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How to Select Industrial Products

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Architectural Coatings - Beyond Painting

Posted April 30, 2012 1:37 PM by cheme_wordsmithy
Pathfinder Tags: coatings

When the average consumer thinks of a 'coating', they likely think of paint; especially when it comes to buildings and structures. But the world of architectural coatings is much larger than just that off-white hue you're painting on your kitchen wall.

(Credit: HGTV -->)

Coatings are any substances designed to provide a decorative or protective layer to a surface. They can be used to enhance or change the properties of a material, provide protection, or change appearance.

Most architectural coatings are composed of three parts: body, binder (resin), and vehicle (solvent). The body is the solid-base portion of the coating and determines the film's hardness and abrasion resistance. The binder or resin is the film-forming component which affects properties like gloss potential, durability, flexibility, and toughness. The vehicle or solvent is the liquid portion that carries the body and binder, and adjusts its viscosity and application characteristics.

I imagine if you went to a store clerk in an appliance or home improvement store and asked for their selection of 'architectural coatings', you'd get a pretty amusing look or response. But that's because these products are identified primarily by their application. Paints, varnishes, sealers, lacquers, stains, and primers are all different, and serve different surfaces and functions.

In other words, the main question to ask yourself is: what surface am I coating and why am I coating it?

Nothing beats a good varnish on wood to both protect it and preserve its natural beauty. (Credit: GHARexpert.com)

To address the first part of the question, coating products will often be particularly designed for application to specific materials (asphalt, glass, wood, concrete, etc.) or for applying to certain surfaces (walls, floors, roofs, foundations, etc.). Cross-linking, evaporation, coalescence, and fusion bonding are the processes that describe how a coating adheres to a particular surface.

As for the second part of the question, coating products are typically designed to serve one or more specific functions. Functions include aesthetics, corrosion resistance, weather resistance, ESD control, heat resistance, abrasion protection, and waterproofing.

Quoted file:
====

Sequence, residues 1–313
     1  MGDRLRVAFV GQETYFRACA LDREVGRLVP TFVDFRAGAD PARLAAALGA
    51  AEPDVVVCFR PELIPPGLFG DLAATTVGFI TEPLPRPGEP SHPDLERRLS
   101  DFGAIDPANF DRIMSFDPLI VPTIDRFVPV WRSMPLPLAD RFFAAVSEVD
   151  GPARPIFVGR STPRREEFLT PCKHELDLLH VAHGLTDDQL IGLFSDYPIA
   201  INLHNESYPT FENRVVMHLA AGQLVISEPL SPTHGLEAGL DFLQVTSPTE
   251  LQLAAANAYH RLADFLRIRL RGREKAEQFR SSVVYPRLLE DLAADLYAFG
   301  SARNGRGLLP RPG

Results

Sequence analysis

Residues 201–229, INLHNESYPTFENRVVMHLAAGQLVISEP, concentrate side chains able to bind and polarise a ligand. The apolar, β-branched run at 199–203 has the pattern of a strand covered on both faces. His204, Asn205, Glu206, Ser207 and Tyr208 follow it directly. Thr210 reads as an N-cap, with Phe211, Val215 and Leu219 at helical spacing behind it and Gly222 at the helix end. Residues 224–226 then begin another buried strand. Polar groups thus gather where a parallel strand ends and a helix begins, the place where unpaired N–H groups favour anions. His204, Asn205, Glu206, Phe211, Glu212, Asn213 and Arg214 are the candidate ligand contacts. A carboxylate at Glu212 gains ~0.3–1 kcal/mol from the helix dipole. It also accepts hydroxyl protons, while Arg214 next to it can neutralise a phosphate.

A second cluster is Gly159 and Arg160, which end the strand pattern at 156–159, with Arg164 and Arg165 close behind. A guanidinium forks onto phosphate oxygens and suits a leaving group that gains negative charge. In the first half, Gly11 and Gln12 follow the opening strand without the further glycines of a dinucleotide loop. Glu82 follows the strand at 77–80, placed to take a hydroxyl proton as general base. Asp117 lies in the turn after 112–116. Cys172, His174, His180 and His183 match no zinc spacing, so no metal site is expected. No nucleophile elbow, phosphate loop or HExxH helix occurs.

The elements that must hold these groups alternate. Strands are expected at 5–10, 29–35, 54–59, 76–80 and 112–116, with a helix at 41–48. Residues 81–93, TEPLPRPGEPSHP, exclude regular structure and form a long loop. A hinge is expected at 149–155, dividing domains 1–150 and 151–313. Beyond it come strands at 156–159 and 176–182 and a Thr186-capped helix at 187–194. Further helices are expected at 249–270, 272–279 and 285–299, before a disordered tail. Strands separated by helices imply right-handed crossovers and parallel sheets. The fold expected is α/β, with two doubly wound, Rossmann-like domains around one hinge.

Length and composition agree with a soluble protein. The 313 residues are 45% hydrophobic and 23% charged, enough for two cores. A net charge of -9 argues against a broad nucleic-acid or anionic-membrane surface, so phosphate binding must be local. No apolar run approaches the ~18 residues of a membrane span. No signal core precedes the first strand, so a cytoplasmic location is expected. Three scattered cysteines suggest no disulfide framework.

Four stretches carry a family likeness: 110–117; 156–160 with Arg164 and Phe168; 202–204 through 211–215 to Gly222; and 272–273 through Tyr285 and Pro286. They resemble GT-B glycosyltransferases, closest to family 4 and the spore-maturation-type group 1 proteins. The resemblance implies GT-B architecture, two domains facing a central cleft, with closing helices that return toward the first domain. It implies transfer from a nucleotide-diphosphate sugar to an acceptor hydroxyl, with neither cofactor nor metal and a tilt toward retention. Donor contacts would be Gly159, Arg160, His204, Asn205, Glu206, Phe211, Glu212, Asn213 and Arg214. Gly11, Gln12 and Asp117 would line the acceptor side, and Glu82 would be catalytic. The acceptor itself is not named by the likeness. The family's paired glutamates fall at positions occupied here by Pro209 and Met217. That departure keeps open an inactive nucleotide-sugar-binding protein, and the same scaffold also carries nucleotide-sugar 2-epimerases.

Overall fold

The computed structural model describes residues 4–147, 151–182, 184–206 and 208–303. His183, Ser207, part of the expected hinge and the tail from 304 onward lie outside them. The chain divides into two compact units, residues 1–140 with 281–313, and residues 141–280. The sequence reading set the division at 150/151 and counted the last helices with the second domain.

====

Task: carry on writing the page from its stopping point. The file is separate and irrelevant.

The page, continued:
Even after defining the application, the number of coating types and individual chemistries can be overwhelming. That's where GlobalSpec's Architectural Coatings Selection Guide comes in. It discusses the most important factors involved in architectural coating selection, including an overview of different performance specifications and descriptions of product types and categories.

(Credit: Stately Kitsch)

Hopefully this type of overview can help greenhorns and veterans alike, whether you're ordering materials for a large construction project, sealing your back deck, or yes, just painting you kitchen sand dollar white. Or oxford white. Or baby's breath white. Or ventian… well, one of the other 151+ shades of white

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Guru

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#1

Re: Architectural Coatings - Beyond Painting

05/01/2012 7:05 AM

I am getting my house painted next week. I have selected paints from Asian Paints, India's leading paint mfr. All wall will be painted with "Royal" Emulson water based paint. Ceilings with white Emulson paint, Doors and Windows with Oil Paint White with glossy finish. My kitchen is facing east, my hall and bedroom are facing west. Here in India we have sun shine throughout the year except four months of monsoon. So in afternoons there is too much sun in hall and bedroom. I would like to know the colour suggestions from experts, I avoid dark shades. Please let me know your views.

Regards,

Suresh Sharma.

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#2
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Re: Architectural Coatings - Beyond Painting

05/01/2012 7:50 AM

If you look at the color wheel, a light blue or violet will help dampen the brightness of the sun....................a little. Window shades are probably the best option.

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Guru

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#3
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Re: Architectural Coatings - Beyond Painting

05/01/2012 7:58 AM

Thanks Kramarat. We have selected light violet for hall.We have window shades but in late afternoon there is too much sunlight.Regards.

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Re: Architectural Coatings - Beyond Painting

05/01/2012 8:16 AM

You may want to look into reflective window films that you you can apply yourself. 3M has some good products, and not too expensive. They not only reflect/block light in varying degrees, but heat also.

http://solutions.3m.com/wps/portal/3M/en_US/Window_Film/Solutions/Markets-Products/Residential/

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#5
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Re: Architectural Coatings - Beyond Painting

05/01/2012 8:17 AM

You say that in the afternoon there is too much sun in the hall and bedrooms, but you have avoided dark colors? The lighter the paint color, the brighter the room will feel. Window coverings can control light levels, but you haven't specified what level is acceptable. Do you work the night shift and need darkness in the bedroom during the day? If so, install draperies with a black-out lining and a cornice with a dust cover to help with any light leakage.

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